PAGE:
The drawback on Luke is inconsistency, he only meets or beats a 50 GS half the time, compared to Guthrie’s seven of ten for the year or a Verlander’s better than four of five.

    Second point is that he has the stuff to be a closer, so that is an option. Using Luke in the ‘pen frees Holland up for his fireman role, his most valuable use.

    Third, even if Hochevar isn’t in the Royals’ future when Paulino, Duffy, and Lamb heal up, he’ll still be tendered so he can be traded in a “change of scenery” deal like the ones we acquired Paulino and Guthrie on. You can’t teach “stuff” and some GM will want to give his pitching coach a shot at fixing Luke. Might be part of a package with Giavotella and Lough for some minor league lottery tickets.

    Good piece, Mike, love the numbers.

    • Bob Ellis

      Jim – the only problem with the scenario where we trade Luke…well…we haven’t been able to get anything for him. We had dangled him out this year and reportedly were offered next to nothing for him. I think it’s time to cut bait.

      • Michael Engel

        I did hear a scenario that would have sent Hochevar to Baltimore with Broxton for Britton and possibly Arrietta. Both of them are getting old themselves and haven’t been very good either though – so it’s kind of spinning a younger set of tires in the mud.

      • jimfetterolf

        Bob, we managed to trade Jon Sanchez and Luke is healthy and has quality pitches. He is trade-able, perhaps even this off season after being signed. A 92.7 fb and the ability to eat innings has value, which is why he’ll be signed and used until he’s forced out by some number of new or returning arms. I expect a winter package trade or an ASB trade next year if the injured arms heal up and if JaKKKe shows tonight that he’s ready and if the Royals can ink Guthrie and maybe snag another #2-3 FA. Too many variables at the moment and timing may be an issue, don’t remember when a player has to be tendered, but think it’s fairly early in the off-season, before we’ll have a good idea of outside signings and rehab schedules. I will just come out and say it, Luke will be tendered.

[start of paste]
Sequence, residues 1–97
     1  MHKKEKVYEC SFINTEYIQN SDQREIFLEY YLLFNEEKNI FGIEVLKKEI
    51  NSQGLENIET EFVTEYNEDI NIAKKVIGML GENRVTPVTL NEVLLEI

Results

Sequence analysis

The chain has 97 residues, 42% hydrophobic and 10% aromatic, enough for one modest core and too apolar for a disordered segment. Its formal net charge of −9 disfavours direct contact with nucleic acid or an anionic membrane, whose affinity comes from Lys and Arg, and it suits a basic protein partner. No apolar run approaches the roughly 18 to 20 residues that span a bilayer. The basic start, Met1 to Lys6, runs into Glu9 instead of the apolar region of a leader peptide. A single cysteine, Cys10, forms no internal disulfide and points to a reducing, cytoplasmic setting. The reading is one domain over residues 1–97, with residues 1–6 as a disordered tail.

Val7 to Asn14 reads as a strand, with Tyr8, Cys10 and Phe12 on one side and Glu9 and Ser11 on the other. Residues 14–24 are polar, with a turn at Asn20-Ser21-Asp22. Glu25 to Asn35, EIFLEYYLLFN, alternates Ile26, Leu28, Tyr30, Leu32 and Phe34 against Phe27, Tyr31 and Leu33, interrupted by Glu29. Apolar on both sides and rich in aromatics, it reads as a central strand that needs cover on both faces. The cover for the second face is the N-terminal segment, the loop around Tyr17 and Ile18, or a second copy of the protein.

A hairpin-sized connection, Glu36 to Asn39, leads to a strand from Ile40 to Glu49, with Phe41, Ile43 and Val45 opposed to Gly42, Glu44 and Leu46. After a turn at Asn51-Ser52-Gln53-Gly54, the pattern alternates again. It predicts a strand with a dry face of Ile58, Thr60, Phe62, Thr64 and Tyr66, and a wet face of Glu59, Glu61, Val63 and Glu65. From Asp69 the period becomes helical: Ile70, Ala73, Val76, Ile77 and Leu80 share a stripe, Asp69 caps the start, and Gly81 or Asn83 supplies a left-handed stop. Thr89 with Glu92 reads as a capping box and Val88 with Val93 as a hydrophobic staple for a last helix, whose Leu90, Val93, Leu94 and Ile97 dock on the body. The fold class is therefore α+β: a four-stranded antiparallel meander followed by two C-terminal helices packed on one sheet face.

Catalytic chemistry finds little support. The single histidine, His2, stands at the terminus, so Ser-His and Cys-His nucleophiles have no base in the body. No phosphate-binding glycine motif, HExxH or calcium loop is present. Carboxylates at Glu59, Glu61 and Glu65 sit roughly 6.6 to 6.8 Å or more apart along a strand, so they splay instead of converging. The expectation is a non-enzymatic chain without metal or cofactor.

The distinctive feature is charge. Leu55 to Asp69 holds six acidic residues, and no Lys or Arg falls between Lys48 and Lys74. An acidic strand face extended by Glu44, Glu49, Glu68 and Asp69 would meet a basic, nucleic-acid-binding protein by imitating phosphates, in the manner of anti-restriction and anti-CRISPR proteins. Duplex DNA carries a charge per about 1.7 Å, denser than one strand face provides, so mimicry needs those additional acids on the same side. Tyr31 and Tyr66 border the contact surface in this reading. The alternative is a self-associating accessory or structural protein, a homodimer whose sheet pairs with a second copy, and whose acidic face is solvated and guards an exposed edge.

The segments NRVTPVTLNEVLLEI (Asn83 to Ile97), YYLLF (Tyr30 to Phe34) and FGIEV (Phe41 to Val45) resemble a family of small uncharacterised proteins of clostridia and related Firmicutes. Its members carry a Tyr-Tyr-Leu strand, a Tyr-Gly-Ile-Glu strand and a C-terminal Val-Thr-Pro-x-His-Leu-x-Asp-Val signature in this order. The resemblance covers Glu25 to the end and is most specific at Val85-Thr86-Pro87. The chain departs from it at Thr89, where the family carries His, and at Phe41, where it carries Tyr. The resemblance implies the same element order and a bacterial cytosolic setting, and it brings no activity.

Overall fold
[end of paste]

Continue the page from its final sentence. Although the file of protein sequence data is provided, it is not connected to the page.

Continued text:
• Bob Ellis

          Jim – I was referring to a trade scenario where we basically would have received zero in quality this past deadline in a deal with Baltimore, which Mike referenced in his comments here. If that’s all we can get for Luke, just let him walk. He’s not doing anything to increase his value, as he could have been had for a cheaper contract than what he’ll get in arbitration this winter. But you’re right, Luke will definitely be tendered, it’s just too bad they keep thinking he’s going to be more than he is, and essentially wasting money and a roster spot on the guy, in my opinion. I knew it was a matter of time before we saw the article that they really believe he’s going to be something. How many years in a row have we heard that now?